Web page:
A Short History of Shared Services…and What’s Next.

Shared Services in government is nothing new. The idea began in the 1980s with the consolidation of payroll and some other administrative functions. In the '90s the focus was on creating entities that could provide common business functions across government and, in that effort, become a cost center.

The 2000s saw the rise of the term 'Line of Business' that looked at common business functions across government to identify opportunities to transform, streamline and share. The Obama Administration looked specifically to IT as a shared service, releasing the Federal IT Shared Services Strategy that provided federal agency chief information officers and key stakeholders guidance. This guidance focused on the implementation of shared IT services as a key principle of their efforts to eliminate waste and duplication, with the intention to reinvest in innovative mission systems.

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FirstNet Serves Those First on the Scene

FirstNet is a nationwide wireless broadband network for first responders being built and deployed through a first of its kind public-private partnership. FirstNet was borne out of the September 11, 2001 tragedy where it became clear that the radio systems police, fire, and paramedics relied on did not easily operate across agencies. First responders also could not rely on land and mobile phone lines as they were overwhelmed by a high volume of calls. The 2004 9/11 commission report cited this lack of connectivity as a fundamental problem for first responders and pushed for solutions to be developed quickly to support everyday public safety activities as well as response to catastrophes.

The development of FirstNet began in 2012 when the First Responder Network Authority was established and a law was put in place that allocated 20 megahertz of spectrum and $7 billion to establish a broadband network dedicated to the nation's first responders. FirstNet was launched in 2018.

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Mapping out Geospatial Uses

Geospatial, as a strict term, means data that is related to a location. In the government space, Geospatial has been used interchangeably with GIS - or Geographic Information Systems - which refers to technology that uses geospatial data. GIS has long been a key technology for the military and intelligence communities to help map out and gain visibility into areas for combat or missions. But as the availability of geographic data grows through the use of GPS applications, drones, and IoT technologies, the use of GIS is expanding across government.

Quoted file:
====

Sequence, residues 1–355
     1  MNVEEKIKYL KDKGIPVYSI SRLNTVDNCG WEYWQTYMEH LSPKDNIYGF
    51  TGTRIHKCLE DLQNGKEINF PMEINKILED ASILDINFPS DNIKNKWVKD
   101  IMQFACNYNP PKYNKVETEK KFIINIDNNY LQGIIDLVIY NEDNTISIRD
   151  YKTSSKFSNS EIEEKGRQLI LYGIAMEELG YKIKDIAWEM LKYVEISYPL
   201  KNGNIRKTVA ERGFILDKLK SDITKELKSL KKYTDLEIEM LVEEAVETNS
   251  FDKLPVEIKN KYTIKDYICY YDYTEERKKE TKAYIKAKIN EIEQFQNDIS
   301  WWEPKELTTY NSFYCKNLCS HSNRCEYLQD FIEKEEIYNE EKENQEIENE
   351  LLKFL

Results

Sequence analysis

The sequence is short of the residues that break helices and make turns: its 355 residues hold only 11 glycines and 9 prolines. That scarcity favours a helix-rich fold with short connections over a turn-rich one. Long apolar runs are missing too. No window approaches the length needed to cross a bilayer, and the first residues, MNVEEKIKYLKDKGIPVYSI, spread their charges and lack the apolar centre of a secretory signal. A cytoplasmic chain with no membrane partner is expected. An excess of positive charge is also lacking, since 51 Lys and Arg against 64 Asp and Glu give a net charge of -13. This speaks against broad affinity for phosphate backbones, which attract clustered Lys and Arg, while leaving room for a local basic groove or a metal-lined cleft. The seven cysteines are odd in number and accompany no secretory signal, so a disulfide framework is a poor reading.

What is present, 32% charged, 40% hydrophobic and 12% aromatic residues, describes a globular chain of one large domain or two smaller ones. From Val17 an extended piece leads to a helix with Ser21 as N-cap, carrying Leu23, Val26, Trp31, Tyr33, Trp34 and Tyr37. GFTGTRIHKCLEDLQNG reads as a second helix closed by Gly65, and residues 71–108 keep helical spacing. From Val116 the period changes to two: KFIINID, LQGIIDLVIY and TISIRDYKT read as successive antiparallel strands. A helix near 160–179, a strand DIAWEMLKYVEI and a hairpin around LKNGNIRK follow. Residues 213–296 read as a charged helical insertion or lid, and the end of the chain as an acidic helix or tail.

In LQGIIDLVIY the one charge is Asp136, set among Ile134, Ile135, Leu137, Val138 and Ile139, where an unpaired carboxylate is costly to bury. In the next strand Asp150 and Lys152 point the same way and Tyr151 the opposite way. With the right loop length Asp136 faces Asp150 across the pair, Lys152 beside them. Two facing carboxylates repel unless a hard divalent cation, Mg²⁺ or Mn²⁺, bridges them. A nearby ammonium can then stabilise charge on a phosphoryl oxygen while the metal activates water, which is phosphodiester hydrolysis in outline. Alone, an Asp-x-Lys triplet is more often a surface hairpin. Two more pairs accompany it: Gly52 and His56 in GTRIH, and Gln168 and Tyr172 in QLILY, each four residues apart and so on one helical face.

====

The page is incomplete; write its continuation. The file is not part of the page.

GIS is a key tool in disaster response helping overlay available resources and assets onto maps of areas impacted by floods or fires. It can also be used to map in real time the location of hazards such as downed power lines.

GIS is also being used by law enforcement. In one case, a boy had gone missing, suspected to be abducted. The boy posted a photo to Instagram and the image, taken from what seemed to be an apartment window, included a sign on a bank across the street. An analyst looked up branch locations and cross-referenced the addresses with online maps, but could not get a location that seemed to be a possible match. When they took that data and loaded it into a GIS system that took a top-down look at locations they were able to pinpoint the location of the child.

Urban sprawl and growth is also being managed with GIS. The city of Durham, NC uses aerial imagery to get a better look at changes being done to properties that impact land use, water runoff, and drainage.

There are several upcoming events focused on GIS as well as others that include discussion of the application of geospatial technology. Continue reading

GovSec Conference Delivers Comprehensive Agenda to Prepare Government Security Professionals to Handle 21st Century Threats

Originally posted on Fort Mill Times

Seven Tracks Focus on Strategies and Tactics for Addressing Emergency Situations, Disasters and Cyber Attacks


With an increase need to prevent and respond to incidents impacting our nation on a local, state and federal scale, government agencies, law enforcement and first responders have realized that they all have a stake in protecting their communities and the homeland from natural disasters and manmade threats. Scheduled for May 13-15 at the Walter E. Washington Convention Center in Washington, D.C., GovSec - the Government Security Conference and Expo, taking place in conjunction with TREXPO and CPM East - is presenting seven paid conference tracks that will help enable these security professionals to engage effectively in a national approach to prevention, mitigation and response to 21st century threats.

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FOSE 2013 Announces Comprehensive Cloud and Virtualization Track

Originally posted by ConnellyWorks

Sessions to Explore Risks and Benefits of Implementing Cloud and Virtualization Services

FOSE 2013 will highlight the growing importance of cost-saving tactics in a budget-driven world by offering a track dedicated to cloud and virtualization, presented by leading government authorities in this space.  FOSE 2013 will take place May 14-16 at the Walter E. Washington Convention Center in Washington, D.C.

"In a post-event survey, nearly half of FOSE 2012's attendees stated they wanted to learn more about cloud and virtualization," said Mike Eason, Vice President, Public Sector Events, 1105 Media, Inc.  "With agency budgets in limbo, this topic will continue to gain popularity as it offers solutions for doing more with less.  By offering a track dedicated to cloud and virtualization, we're providing attendees the opportunity to learn more about the implementation and best practices of utilizing these services for their agency."

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